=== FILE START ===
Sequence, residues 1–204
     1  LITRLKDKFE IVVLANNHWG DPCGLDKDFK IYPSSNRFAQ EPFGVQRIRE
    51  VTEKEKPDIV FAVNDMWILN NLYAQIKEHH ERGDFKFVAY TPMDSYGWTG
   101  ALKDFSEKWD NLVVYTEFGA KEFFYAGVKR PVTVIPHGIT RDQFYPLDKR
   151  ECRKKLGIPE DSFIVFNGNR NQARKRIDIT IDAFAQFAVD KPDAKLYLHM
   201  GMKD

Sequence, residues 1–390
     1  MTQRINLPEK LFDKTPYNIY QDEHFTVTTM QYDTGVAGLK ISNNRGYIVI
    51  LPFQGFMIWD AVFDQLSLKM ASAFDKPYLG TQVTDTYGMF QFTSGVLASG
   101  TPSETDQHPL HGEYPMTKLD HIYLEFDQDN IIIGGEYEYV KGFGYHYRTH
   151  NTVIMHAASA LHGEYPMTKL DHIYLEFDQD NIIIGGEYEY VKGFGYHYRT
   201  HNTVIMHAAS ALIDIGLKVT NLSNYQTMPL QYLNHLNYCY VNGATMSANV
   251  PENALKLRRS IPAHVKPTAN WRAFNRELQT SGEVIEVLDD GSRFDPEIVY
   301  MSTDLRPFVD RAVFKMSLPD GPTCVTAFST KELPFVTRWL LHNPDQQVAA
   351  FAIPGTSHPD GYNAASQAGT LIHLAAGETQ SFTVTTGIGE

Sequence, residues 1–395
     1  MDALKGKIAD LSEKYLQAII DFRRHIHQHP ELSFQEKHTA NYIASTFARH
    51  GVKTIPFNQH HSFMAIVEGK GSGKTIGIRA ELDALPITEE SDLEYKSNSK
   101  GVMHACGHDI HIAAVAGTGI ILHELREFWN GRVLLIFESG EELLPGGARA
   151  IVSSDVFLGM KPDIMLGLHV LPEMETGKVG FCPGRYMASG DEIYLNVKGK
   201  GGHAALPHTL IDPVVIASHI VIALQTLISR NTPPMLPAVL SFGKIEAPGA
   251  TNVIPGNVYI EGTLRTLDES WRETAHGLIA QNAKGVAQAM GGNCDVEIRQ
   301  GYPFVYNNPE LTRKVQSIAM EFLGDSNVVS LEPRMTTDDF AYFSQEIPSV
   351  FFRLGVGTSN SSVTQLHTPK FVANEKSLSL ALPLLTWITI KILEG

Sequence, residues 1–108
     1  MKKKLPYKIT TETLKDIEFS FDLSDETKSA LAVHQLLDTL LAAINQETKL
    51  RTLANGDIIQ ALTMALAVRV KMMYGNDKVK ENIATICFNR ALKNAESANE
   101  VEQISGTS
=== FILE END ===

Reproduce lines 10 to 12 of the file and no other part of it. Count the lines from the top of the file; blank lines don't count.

   101  TPSETDQHPL HGEYPMTKLD HIYLEFDQDN IIIGGEYEYV KGFGYHYRTH
   151  NTVIMHAASA LHGEYPMTKL DHIYLEFDQD NIIIGGEYEY VKGFGYHYRT
   201  HNTVIMHAAS ALIDIGLKVT NLSNYQTMPL QYLNHLNYCY VNGATMSANV